When the COVID-19 pandemic hit in early 2020, many families found themselves suddenly isolated together at home. A year later, new research has linked this period with a variety of large, detrimental effects on individuals’ and families’ well-being and functioning.
The study — led by Penn State researchers — found that in the first months of the pandemic, parents reported that their children were experiencing much higher levels of “internalizing” problems like depression and anxiety, and “externalizing” problems such as disruptive and aggressive behavior, than before the pandemic. Parents also reported that they themselves were experiencing much higher levels of depression and lower levels of coparenting quality with their partners.
Mark Feinberg, research professor of health and human development at Penn State, said the results — recently published in the journal Family Process — give insight into just how devastating periods of family and social stress can be for parents and children, and how important a good coparenting relationship can be for family well-being.
“Stress in general — whether daily hassles or acute, crisis-driven stress — typically leads to greater conflict and hostility in family relationships,” Feinberg said. “If parents can support each other in these situations, the evidence from past research indicates that they will be able to be more patient and more supportive with their children, rather than becoming more harsh and angry.”
It seems like 100 years ago that I took care of my aunt who was suffering form Alzheimer’s Disease. Going into her first afflicted winter, I recalled her having told me that she “always felt down” in the winter time. Not long before that, her physician had said to me that it would be no problem keeping her in her home if she didn’t become aggressive. As I wanted her to remain in her home, I started looking into Seasonal Affective Disorder.
During this time of long hours in our homes due to the pandemic, and with the onset of shorter, darker winter days, I thought it would be worthwhile to talk about SAD.
Here is what the National Institute of Mental Health (NIMH) says about SAD.
Many people go through short periods of time where they feel sad or not like their usual selves. Sometimes, these mood changes begin and end when the seasons change. People may start to feel “down” when the days get shorter in the fall and winter (also called “winter blues”) and begin to feel better in the spring, with longer daylight hours.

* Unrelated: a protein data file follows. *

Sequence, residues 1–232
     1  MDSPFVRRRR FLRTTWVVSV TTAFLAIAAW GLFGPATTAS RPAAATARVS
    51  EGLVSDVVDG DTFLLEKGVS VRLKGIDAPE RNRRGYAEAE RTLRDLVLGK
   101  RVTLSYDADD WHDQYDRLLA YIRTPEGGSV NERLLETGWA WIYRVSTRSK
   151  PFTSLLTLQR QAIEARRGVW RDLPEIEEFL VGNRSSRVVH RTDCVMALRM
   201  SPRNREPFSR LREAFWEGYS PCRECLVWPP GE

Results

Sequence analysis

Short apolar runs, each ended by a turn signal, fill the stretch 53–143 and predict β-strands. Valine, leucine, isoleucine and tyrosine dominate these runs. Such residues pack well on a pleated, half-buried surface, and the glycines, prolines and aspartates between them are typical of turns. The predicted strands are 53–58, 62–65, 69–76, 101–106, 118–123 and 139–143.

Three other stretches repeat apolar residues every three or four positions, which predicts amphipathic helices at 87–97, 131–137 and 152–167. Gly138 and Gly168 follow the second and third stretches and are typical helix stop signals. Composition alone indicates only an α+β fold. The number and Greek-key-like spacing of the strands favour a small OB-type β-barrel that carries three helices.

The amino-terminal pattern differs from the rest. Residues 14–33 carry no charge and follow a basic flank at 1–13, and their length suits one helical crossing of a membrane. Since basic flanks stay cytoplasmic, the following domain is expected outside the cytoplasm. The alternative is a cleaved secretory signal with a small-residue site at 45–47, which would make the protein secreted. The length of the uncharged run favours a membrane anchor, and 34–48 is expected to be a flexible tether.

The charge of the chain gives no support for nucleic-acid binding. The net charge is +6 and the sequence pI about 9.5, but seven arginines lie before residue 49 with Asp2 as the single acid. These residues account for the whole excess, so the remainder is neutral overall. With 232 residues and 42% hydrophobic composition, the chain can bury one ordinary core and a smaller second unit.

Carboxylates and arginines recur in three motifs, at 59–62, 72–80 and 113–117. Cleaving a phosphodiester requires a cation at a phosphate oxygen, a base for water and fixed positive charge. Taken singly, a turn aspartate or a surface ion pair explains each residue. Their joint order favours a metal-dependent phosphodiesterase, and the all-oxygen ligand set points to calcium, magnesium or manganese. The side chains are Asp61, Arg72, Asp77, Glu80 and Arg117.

In some cases, these mood changes are more serious and can affect how a person feels, thinks, and handles daily activities. If you have noticed significant changes in your mood and behavior whenever the seasons change, you may be suffering from seasonal affective disorder (SAD), a type of depression.
In a study published in The American Journal of Psychiatry, the team named social connection as the strongest protective factor for depression, and suggested that reducing sedentary activities such as TV watching and daytime napping could also help lower the risk of depression.Continue reading →
Older adults with depression may be at much higher risk of remaining depressed if they are experiencing persistent or worsening sleep problems, according to a study from researchers at Johns Hopkins Bloomberg School of Public Health.
The researchers, who published their findings online April 30 in the journal Sleep, analyzed data from almost 600 people over 60 years old who visited primary care centers in the Northeast U.S. All patients met clinical criteria for major or minor depression at the outset of the study. Continue reading →
Millions of Americans are being impacted by the psychological fallout from the COVID-19 pandemic and its economic aftermath, and large numbers may experience emotional distress and be at increased risk of developing psychiatric disorders such as depression and anxiety, according to a new article published this week in the New England Journal of Medicine.
The Perspective article, co-authored by Carol North, M.D., a UT Southwestern crisis psychiatrist who has studied survivors of disasters including the 9/11 terrorist attacks and Hurricane Katrina, calls on already stretched health care providers to monitor the psychosocial needs of their patients as well as themselves and fellow health care workers during this time. Continue reading →